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Beijing Da Xue Xue Bao Yi Xue Ban. 2010 Feb 18;42(1):50-5.

[Experimental occlusal interference induces the expression of protein gene products and substance P in masseter muscles of rats].

[Article in Chinese]

Author information

1
Department of Prosthodontics, Peking University School and Hospital of Stomatology, Beijing 100081, China.

Abstract

OBJECTIVE:

To investigate the peripheral mechanism by studying the histological changes of masseter muscles using HE stains and substance P (SP) and protein gene product 9.5 (PGP9.5) immunohistochemical stains.

METHODS:

Fifteen male Sprague-Dawley were randomly assigned into occlusal interference group (n=12) and control group (n=3). In occlusal interference group, 0.4 mm thick crowns were bonded to the rats' first molar of the maxillary. In the control group, rats were anesthetized and mouths were forced open for about 5 min but restorations were not applied. 1, 5, 10, and 21 d after 0.4 mm occlusal alteration treatment, mechanical pain thresholds of bilateral masseter muscles were quantitatively measured by modified electronic anesthesiometer in control group and occlusal interference group. The rats were euthanized by transcardiac perfusion after deep anesthetization at different time points. The paraffin sections of masseter muscles were made and processed for HE, SP, and PGP9.5 immunohistochemical staining.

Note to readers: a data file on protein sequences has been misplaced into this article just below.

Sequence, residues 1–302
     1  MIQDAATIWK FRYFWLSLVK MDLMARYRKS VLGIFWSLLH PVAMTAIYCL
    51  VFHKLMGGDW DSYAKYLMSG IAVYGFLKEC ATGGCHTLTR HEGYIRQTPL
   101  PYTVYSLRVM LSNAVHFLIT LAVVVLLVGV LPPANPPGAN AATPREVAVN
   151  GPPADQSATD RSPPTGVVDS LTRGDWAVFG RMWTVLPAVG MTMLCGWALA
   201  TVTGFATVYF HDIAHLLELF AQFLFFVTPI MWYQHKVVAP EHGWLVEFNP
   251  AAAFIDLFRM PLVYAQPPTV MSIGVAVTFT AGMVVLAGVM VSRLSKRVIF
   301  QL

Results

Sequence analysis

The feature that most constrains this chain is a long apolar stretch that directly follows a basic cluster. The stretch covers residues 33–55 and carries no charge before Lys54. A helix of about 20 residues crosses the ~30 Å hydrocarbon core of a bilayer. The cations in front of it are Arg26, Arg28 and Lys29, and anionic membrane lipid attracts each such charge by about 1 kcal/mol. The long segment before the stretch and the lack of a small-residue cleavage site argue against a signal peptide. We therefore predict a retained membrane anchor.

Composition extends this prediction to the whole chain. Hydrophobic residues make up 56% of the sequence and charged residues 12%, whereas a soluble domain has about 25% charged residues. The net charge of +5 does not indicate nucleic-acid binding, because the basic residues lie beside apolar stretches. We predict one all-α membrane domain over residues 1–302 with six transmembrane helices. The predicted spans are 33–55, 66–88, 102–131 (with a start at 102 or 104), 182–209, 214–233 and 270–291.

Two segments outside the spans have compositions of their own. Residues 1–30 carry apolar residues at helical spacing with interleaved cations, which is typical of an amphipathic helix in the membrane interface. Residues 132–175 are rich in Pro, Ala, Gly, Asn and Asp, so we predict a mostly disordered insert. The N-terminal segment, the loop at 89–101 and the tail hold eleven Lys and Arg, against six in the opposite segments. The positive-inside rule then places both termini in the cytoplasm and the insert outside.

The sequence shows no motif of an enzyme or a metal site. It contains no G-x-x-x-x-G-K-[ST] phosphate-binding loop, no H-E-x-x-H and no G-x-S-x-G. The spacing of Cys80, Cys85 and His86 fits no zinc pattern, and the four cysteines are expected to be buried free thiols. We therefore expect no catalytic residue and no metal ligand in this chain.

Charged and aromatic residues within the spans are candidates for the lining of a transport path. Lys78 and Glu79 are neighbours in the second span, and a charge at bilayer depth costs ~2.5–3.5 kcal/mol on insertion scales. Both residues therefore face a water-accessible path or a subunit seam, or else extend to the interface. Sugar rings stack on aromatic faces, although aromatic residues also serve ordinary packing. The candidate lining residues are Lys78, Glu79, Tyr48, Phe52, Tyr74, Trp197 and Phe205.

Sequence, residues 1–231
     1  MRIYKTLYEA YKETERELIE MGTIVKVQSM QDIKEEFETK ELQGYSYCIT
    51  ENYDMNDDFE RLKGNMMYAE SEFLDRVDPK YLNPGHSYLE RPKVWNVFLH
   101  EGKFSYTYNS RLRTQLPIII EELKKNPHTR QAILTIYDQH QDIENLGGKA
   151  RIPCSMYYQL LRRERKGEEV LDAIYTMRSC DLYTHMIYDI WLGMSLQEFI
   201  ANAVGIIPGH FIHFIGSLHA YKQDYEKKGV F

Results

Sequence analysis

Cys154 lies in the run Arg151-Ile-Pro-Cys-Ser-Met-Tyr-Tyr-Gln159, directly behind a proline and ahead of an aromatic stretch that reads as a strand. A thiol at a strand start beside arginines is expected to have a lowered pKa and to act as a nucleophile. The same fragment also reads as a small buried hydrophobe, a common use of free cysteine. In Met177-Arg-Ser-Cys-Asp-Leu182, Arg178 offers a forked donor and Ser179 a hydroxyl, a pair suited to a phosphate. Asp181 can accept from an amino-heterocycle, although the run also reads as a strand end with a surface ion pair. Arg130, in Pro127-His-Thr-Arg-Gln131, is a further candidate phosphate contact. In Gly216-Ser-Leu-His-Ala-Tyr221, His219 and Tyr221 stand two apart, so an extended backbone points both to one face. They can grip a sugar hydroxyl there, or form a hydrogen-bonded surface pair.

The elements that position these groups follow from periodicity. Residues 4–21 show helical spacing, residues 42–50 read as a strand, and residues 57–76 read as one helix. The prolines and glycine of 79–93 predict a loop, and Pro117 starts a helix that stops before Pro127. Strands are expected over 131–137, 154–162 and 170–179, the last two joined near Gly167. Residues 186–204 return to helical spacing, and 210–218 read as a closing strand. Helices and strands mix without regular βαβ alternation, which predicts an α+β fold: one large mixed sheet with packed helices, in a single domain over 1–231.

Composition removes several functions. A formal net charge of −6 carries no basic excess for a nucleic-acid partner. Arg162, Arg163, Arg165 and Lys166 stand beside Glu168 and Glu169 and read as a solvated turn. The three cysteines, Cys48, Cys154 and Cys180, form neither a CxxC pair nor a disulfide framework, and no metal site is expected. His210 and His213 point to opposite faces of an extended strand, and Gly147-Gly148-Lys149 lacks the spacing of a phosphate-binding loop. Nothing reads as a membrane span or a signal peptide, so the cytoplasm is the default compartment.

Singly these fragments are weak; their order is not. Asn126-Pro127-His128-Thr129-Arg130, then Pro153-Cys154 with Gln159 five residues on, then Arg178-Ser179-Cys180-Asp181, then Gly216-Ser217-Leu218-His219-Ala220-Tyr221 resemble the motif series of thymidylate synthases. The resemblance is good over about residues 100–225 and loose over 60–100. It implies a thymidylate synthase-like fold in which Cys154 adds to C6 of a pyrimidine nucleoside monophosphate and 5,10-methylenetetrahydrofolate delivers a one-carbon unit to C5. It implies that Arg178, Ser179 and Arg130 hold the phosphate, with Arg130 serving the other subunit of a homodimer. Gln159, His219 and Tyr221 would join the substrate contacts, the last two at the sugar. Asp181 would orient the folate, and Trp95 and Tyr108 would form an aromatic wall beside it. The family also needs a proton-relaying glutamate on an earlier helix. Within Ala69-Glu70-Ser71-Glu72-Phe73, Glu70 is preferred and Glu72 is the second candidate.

RESULTS:

Decreased head withdrawal threshold to mechanical pressure was detected in masseter muscles on both sides following occlusal interference. Histological stains of masseter muscles presented intact following occlusal interference, and no inflammatory cells were observed in both sides. Intensely stained PGP9.5 was observed at 1 d in occlusal interference groups and maintained until the end of the experiment. SP expression was the most obviously increased at 5 d in both sides and gradually decreased to the level of control.

CONCLUSION:

Experimental occlusal interference-induced masticatory muscle pain is associated with peripheral sensitization of nociceptive neurons rather than muscle damage and inflammation.

PMID:
20140043
[Indexed for MEDLINE]
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